Attention deficit hyperactivity disorder (ADHD) is a mental disorder, which symptoms usually appears early in the ages from 3 to 6. The disorder is characterised by inattention, hyperactivity and impulsivity. Certain patients suffer only one symptom from three previously mentioned, but the combined type is more common, especially among children. The disorder could persist during adolescence and adulthood, but its symptoms could also change. There are more male than female suffering ADHD.[13]

Among other treatments, neurofeedback was investigated as a possible treatment of ADHD. The treatment focuses of reduction of theta brain waves and increase of beta brainwaves.[14] Several studies were conducted, which claimed that there is a significant improvement of ADHD patients that had been treated by neurofeedback.[15] [16] However, the meta-analysis which Cortese and his colleagues publish in 2016 point out that the majority of studies which claimed the efficacy of neurofeedback were not blinded. If the double-blinded studies are taken into account the efficacy of neurofeedback is not conclusive.[2] To sum up, more double-blinded studies are needed to decide convincingly if neurofeedback is beneficial for patients suffering from ADHD or not.

Cognitive enhancement

It is deemed that neurofeedback could also improve alertness, meditation practise and lessen anxiety.[17] This positive impact has not, however, conclusively been proved yet, therefore certain psychologists are more reserved about benefits of neurofeedback.[18] In addition, there is no consensus how the NF session should be designed in order to increase the benefits.[1]

The wearable devices which are currently available are focused primarily on the improvement of meditation as Muse or Melomind. There are also devices which should improve concentration as Mindset, Hit The Gold, or Brainno, reduce the level of stress as 4DForce or improve the working memory as Melon.

Ethical & Health Issues

A woman using 4DForce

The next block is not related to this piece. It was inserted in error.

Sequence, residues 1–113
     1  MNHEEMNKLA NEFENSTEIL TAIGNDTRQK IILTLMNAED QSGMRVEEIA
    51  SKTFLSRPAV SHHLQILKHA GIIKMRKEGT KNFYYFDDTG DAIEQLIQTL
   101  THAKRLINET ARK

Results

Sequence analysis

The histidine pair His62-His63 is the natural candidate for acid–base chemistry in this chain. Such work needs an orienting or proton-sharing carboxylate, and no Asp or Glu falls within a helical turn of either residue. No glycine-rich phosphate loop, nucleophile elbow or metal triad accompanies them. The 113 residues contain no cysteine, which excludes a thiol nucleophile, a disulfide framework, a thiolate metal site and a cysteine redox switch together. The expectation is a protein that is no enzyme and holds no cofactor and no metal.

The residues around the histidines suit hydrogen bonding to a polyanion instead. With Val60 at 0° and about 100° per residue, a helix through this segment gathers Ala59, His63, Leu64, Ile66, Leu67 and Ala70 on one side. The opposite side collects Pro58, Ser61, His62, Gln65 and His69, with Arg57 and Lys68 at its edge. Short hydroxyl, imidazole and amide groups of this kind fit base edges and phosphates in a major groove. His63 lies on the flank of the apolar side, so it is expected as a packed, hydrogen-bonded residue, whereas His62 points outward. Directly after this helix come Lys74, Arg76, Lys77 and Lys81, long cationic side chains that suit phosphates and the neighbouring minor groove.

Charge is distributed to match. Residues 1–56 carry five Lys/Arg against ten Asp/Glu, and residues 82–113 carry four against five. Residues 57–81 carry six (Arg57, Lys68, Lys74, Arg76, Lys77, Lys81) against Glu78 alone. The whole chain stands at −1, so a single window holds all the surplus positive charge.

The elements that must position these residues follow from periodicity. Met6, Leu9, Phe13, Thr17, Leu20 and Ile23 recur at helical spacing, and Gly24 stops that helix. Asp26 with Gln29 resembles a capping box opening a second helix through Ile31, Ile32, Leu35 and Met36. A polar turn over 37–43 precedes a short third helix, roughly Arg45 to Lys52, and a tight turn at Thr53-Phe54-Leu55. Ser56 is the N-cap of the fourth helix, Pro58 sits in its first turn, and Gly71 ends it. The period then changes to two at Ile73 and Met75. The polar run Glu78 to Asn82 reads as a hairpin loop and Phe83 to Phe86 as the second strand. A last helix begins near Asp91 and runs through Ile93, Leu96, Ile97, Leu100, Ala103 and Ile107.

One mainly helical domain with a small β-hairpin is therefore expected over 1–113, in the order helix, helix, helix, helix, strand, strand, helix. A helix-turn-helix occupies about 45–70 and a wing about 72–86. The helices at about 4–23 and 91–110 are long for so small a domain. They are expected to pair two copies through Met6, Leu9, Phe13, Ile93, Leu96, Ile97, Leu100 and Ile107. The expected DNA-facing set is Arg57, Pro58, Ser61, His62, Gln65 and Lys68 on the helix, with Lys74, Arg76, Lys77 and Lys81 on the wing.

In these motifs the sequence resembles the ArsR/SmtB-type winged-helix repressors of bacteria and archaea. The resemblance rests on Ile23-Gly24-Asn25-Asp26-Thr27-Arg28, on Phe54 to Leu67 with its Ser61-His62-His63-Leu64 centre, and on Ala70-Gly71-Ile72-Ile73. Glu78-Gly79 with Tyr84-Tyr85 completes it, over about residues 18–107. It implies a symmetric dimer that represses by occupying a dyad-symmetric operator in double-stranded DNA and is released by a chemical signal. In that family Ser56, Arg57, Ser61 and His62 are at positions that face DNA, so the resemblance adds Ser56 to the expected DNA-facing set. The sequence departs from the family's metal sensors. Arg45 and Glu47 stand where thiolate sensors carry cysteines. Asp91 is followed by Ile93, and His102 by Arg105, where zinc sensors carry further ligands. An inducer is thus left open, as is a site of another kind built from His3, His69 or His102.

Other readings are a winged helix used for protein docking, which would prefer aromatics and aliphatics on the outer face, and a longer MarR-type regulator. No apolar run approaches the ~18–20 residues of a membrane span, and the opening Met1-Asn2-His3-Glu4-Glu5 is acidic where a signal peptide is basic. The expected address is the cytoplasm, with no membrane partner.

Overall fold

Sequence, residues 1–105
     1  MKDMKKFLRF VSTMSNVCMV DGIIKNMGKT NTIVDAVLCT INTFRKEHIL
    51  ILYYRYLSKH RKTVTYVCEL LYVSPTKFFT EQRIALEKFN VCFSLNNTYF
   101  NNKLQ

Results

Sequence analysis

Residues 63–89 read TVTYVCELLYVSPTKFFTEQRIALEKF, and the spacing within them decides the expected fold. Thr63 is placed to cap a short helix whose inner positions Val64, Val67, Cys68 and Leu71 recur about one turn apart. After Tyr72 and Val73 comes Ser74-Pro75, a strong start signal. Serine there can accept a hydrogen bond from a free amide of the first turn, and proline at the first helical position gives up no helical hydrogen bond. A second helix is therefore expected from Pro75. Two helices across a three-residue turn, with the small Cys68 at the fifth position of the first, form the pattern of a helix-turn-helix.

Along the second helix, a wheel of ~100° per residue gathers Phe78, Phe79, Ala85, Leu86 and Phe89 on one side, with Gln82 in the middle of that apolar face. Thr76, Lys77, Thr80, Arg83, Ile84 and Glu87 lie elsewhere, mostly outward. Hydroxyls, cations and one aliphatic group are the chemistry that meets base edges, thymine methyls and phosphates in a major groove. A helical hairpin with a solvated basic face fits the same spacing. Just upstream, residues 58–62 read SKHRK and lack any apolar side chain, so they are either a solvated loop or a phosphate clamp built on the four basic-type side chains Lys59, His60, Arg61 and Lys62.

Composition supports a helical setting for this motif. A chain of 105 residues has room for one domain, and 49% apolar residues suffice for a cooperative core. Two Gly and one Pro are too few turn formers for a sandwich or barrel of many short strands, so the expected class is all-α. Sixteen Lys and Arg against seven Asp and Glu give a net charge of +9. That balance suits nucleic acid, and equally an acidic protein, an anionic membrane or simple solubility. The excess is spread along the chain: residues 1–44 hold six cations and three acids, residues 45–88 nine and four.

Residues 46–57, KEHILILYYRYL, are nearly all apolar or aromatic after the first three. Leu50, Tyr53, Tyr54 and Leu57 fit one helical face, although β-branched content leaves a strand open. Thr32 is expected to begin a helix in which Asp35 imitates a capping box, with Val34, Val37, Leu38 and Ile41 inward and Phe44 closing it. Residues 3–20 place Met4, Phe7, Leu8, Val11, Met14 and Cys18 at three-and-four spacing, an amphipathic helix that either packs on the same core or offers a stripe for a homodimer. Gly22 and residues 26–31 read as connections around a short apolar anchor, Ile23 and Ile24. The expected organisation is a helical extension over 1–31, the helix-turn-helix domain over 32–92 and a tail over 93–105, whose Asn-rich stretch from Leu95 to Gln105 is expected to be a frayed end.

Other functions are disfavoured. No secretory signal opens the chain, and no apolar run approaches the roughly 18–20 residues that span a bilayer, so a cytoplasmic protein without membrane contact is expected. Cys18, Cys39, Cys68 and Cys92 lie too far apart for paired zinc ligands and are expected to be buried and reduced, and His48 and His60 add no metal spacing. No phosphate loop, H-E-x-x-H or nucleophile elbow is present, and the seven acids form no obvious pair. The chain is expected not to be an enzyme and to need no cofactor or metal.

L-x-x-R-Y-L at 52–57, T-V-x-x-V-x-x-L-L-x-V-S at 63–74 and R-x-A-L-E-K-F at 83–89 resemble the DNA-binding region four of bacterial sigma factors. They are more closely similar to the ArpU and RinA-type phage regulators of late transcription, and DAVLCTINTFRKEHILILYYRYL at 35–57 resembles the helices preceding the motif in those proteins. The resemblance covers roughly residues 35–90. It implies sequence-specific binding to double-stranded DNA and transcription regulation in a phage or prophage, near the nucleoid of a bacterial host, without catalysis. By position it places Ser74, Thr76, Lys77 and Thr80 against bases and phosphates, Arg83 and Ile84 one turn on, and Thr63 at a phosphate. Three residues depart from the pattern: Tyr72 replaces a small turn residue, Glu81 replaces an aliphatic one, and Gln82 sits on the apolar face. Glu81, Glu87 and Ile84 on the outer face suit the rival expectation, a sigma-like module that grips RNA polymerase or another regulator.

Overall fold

The main issue linked with neurofeedback is the fact that the efficacy of the method has not yet been conclusively proved,[2] as was discussed in a previous section. Therefore the preference of this treatment over the currently approved treatments could be controversial, especially with respect to the fact that the neurofeedback sessions are quite expensive. If a NF treatment is preferred at the expense of a treatment that is proved to be effective, it could also possibly badly affected patient's condition.[19]

Another issue is linked primarily with consumer neurofeedback devices. Namely, these devices has to struggle is the accuracy of their measurement. First, the signal from the brain could be mingled with electric signal which was produced by a different part of body. Second, the consumer NF devices used dry electrodes, which are less reliable that wet electrodes used in the clinics, since the wet increases the conductivity.[20] Third, there is considerably less electrodes and amplifiers in the consumer devices than in the devices used in medical trials, which could also influence accuracy of the devices. Fourth, the interpretation of the results should be done by experts. The layman could misinterpret results he or she acquires from the device.[7]

Although neurofeedback is considered to be not as invasive as other methods of brain stimulation, certain side effects of it were reported. It could cause headache, muscle twitches, tics, mental fogginess, sleep disturbance, fatigue, anxiety or irritability. There is also risk that a long-term NF training might lead to a permanent microstructural changes in grey- and white-matter of a brain.[6]

Public & Media Impact and Presentation

A man wearing Brainno, a wearable consumer neurofeedback device
There are various comments and experiences in journals articles regarding neurofeedback. While Jini Reddy from The Sunday Times expresses her positive experience with neurofeedback sessions:
The results are astonishing. A day later, the mind chatter that rolls like a look in my head – the what ifs, the worries – simply disappears. It’s as if someone has turned down a radio blaring in the background. A few more sessions and I have voluntarily stopped mainlining chocolate. Seriously, I think, this stuff ought to be on the NHS.[17]
Winston Ross from Newsweek points out that neurofeedback was developed as a NASA project:
It sounds like quackery, but it isn’t. Neurofeedback, which uses real-time displays of brain activity to teach the brain to self-regulate, is a technique neurologists have wielded since the 1960s. Back then, NASA was concerned about astronauts having rocket fuel–induced seizures. They approached Barry Sterman, a researcher at the University of California, Los Angeles, School of Medicine, for help.[21]